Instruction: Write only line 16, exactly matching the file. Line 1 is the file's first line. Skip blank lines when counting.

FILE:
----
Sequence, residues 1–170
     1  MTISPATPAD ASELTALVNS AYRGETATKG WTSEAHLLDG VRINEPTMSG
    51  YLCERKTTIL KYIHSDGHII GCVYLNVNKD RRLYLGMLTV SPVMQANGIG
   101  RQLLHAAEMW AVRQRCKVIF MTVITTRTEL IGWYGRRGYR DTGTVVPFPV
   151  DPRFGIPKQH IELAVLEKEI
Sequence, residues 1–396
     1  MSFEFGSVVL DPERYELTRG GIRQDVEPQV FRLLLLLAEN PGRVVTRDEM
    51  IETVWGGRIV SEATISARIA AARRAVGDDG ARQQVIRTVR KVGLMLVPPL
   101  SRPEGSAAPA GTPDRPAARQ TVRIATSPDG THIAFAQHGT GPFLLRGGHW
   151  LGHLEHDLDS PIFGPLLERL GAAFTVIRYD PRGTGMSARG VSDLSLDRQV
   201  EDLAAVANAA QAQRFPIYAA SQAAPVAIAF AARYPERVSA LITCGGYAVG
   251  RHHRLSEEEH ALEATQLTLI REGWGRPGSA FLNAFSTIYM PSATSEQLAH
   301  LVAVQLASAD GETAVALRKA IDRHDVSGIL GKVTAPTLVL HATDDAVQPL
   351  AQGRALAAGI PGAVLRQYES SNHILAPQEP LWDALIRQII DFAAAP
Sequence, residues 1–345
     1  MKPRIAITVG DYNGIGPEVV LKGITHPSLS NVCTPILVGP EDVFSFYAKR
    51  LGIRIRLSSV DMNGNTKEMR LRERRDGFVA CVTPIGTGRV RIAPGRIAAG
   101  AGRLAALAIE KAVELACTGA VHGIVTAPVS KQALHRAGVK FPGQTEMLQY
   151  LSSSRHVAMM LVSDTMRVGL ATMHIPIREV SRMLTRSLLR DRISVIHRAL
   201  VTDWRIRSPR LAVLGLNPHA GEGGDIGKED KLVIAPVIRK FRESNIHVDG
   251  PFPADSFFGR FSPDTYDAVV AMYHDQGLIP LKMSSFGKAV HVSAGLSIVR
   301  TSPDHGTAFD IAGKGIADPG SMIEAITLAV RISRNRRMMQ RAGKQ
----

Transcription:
     1  MKPRIAITVG DYNGIGPEVV LKGITHPSLS NVCTPILVGP EDVFSFYAKR